Two niche fund firms, both known for their leveraged-index and inverse index ETFs, took the lead last month as midsize firms gobbled more than two-fifths of the industry's shrinking inflows.
| Michael Lynn Sapir|
ProShare Advisors, ProFund Advisors
This article draws from Morningstar Direct
data on January 2022 open-end mutual fund and ETF flows, excluding money-market funds and funds of funds. (Other asset management products, like CITs and SMAs, are also not included.) More specifically, this article focused on the 76 firms (down from 79 in December 2021
but up from 75 in January 2021
) with between $10 billion and $100 billion each in long-term fund AUM.
Midsize firms had $2.716 trillion in combined long-term fund AUM as of January 31, 2022, and they accounted for 10.17 percent of overall industry long-term fund AUM. That compares with $2.921 trillion and 10.4 percent on December 31, 2021, and with $2.803 trillion and 11.81 percent on January 31, 2021.
35 midsize firms brought in net long-term inflows in January 2022, down from 44 in December 2021 and from 42 in January 2021.
and ProFunds took the lead last month among midsize fund firms, thanks to an estimated $2.797 billion in January 2022 inflows, up month-over-month from $901 million in December 2021 and up year-over-year from $284 million in January 2021. Other big January 2022 inflows winners included: Rafferty's Direxion
, $2.395 billion (up M/M from $788 million, up Y/Y from $78 million in net outflows); Calamos
, $931 million (up M/M from $528 million, up Y/Y from $499 million); KraneShares
, $820 million (up M/M from $1.026 billion in net outflows, up Y/Y from $675 million); and Neuberger Berman
, $713 million (up M/M from $308 million, up Y/y from $399 million).
Direxion won proportionately last month, thanks to estimated net January 2022 inflows equivalent to 8.5 percent of its AUM. Other big inflows winners included: Pacer
, 6.3 percent; KraneShares, 6.2 percent; ProShares, 4.1 percent; and GQG
, 3.8 percent.
On the flip side, last month was a rough one for Virtus
, which led the midsize pack with an estimated $1.32 billion in net January 2022 outflows, up M/M from $533 million in December 2021 and down Y/Y from $312 million in net January 2021 inflows. Other big January 2022 outflows sufferers included: DoubleLine
, $1.177 billion (down M/M from $1.489 billion, down Y/Y from $368 million in net inflows); Alger
, $1.052 billion (up M/M from $236 million, down Y/Y from $111 million in net inflows); Putnam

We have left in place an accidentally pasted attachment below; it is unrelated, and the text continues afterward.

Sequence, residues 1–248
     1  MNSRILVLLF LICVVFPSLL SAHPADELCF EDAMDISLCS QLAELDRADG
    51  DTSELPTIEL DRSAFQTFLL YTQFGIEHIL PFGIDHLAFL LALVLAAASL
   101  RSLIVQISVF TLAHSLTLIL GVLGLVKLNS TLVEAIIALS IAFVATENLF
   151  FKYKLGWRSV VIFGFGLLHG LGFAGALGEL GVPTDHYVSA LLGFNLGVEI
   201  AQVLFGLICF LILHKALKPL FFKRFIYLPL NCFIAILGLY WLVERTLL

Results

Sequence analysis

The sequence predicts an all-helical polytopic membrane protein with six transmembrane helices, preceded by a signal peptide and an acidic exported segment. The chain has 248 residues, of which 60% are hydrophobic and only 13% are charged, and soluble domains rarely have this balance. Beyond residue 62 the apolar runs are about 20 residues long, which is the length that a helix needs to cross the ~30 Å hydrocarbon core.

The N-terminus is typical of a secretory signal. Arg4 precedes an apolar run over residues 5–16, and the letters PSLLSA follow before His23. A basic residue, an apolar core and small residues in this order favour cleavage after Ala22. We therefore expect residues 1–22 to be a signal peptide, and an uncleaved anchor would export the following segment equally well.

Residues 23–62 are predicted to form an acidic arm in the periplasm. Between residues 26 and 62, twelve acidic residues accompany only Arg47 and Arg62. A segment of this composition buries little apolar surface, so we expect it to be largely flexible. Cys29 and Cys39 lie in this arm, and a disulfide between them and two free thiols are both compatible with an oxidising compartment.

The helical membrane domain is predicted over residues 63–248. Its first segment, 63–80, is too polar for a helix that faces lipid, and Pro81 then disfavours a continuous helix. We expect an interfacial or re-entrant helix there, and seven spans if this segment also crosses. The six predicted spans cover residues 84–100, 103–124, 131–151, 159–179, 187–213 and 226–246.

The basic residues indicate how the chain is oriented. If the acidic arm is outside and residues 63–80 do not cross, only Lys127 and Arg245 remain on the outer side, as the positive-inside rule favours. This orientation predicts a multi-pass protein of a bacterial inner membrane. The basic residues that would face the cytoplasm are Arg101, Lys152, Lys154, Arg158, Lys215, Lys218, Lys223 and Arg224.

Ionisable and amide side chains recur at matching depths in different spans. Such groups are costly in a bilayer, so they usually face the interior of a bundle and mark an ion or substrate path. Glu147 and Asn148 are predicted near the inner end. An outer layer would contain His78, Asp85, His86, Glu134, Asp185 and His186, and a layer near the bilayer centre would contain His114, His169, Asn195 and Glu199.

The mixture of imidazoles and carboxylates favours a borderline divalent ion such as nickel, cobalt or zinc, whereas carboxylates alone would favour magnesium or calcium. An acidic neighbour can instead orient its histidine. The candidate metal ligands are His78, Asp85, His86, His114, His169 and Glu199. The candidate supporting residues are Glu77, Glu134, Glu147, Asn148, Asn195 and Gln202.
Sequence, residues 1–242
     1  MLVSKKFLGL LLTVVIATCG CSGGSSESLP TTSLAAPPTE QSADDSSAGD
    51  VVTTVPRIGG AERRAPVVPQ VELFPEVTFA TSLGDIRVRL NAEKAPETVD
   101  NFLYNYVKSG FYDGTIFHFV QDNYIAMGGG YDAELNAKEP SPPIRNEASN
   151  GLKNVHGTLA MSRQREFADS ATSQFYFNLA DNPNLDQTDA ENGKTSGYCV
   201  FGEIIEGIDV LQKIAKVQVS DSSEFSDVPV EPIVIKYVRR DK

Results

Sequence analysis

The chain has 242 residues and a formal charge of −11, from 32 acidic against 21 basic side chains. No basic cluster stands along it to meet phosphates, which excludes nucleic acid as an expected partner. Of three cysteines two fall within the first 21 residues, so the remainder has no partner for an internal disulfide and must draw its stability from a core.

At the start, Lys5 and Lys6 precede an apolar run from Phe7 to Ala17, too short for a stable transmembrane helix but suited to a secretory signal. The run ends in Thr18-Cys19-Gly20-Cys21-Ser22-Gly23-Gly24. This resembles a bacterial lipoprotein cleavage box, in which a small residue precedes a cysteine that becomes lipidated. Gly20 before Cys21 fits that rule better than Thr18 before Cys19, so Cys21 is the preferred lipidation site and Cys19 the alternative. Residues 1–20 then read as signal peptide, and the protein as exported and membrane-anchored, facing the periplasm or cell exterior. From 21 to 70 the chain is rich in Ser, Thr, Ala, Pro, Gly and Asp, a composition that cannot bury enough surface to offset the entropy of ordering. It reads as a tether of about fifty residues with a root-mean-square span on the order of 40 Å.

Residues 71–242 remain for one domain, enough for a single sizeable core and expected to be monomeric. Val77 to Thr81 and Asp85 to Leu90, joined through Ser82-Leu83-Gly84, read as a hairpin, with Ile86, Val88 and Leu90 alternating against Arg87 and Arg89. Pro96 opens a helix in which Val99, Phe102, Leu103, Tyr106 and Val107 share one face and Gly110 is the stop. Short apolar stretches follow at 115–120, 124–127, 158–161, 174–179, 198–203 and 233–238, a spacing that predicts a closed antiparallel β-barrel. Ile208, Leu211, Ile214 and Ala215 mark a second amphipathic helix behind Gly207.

, $830 million (down M/M from $858 million, up Y/Y from $368 million); and Harbor
, $798 million (up M/M from $533 million, down Y/Y from $927 million).
Alger led the midsize outflows pack proportionately last month, suffering estimated net January 2022 outflows equivalent to 4.2 percent of its AUM. Other big outflows sufferers included: Ark
, 2.7 percent; AQR
, 2 percent; MassMutual
, 2 percent; and Virtus, 1.8 percent.
As a group, midsize fund firms brought in an estimated $3.687 billion in net inflows in January 2022, equivalent to 0.14 percent of their combined AUM and accounting for 41.26 percent of overall industry long-term fund inflows. That compares with $6.909 billion in December 2021 outflows, equivalent to 0.24 percent of AUM, and with $18.581 billion in January 2021 inflows, equivalent to 0.66 percent of AUM and accounting for 19.47 percent of industry inflows.
Across the entire industry, the 797 firms tracked by the M* team (down M/M from 799 but up Y/Y from 753) brought in an estimated $8.936 billion in net January 2022 inflows, equivalent to 0.03 percent of overall long-term fund AUM of $26.709 trillion on January 31, 2022. That's down M/M from $87.633 billions in December 2021 inflows, equivalent to 0.31 percent of $28.084 trillion in AUM and down Y/Y from $95.454 billion in January 2021 inflows, equivalent to 0.4 percent of $23.732 trillion in AUM.
Passive funds brought in $22.087 billion in net long-term fund inflows in January 2022, down M/M from $95.932 billion and down Y/Y from $54.591 billion. Active funds suffered $13.138 billion in net long-term fund outflows in January 2022, up M/M from $8.299 billion but down Y/Y from $40.836 billion in net inflows.
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